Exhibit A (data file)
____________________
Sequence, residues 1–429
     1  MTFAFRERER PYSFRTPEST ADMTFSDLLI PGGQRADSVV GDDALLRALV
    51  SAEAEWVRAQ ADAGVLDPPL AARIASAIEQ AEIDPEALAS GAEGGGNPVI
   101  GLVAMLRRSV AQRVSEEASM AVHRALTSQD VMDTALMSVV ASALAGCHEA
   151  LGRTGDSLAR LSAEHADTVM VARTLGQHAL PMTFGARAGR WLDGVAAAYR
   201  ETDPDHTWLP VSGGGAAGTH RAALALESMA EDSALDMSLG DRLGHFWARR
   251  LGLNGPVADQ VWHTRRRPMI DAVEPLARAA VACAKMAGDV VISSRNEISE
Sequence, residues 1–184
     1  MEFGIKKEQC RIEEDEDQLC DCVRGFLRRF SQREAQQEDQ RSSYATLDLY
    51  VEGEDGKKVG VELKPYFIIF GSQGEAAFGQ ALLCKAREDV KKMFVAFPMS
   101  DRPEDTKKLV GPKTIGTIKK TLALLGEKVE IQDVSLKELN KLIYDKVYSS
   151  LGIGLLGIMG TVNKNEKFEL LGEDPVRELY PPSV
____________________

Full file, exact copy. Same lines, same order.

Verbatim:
Sequence, residues 1–429
     1  MTFAFRERER PYSFRTPEST ADMTFSDLLI PGGQRADSVV GDDALLRALV
    51  SAEAEWVRAQ ADAGVLDPPL AARIASAIEQ AEIDPEALAS GAEGGGNPVI
   101  GLVAMLRRSV AQRVSEEASM AVHRALTSQD VMDTALMSVV ASALAGCHEA
   151  LGRTGDSLAR LSAEHADTVM VARTLGQHAL PMTFGARAGR WLDGVAAAYR
   201  ETDPDHTWLP VSGGGAAGTH RAALALESMA EDSALDMSLG DRLGHFWARR
   251  LGLNGPVADQ VWHTRRRPMI DAVEPLARAA VACAKMAGDV VISSRNEISE
Sequence, residues 1–184
     1  MEFGIKKEQC RIEEDEDQLC DCVRGFLRRF SQREAQQEDQ RSSYATLDLY
    51  VEGEDGKKVG VELKPYFIIF GSQGEAAFGQ ALLCKAREDV KKMFVAFPMS
   101  DRPEDTKKLV GPKTIGTIKK TLALLGEKVE IQDVSLKELN KLIYDKVYSS
   151  LGIGLLGIMG TVNKNEKFEL LGEDPVRELY PPSV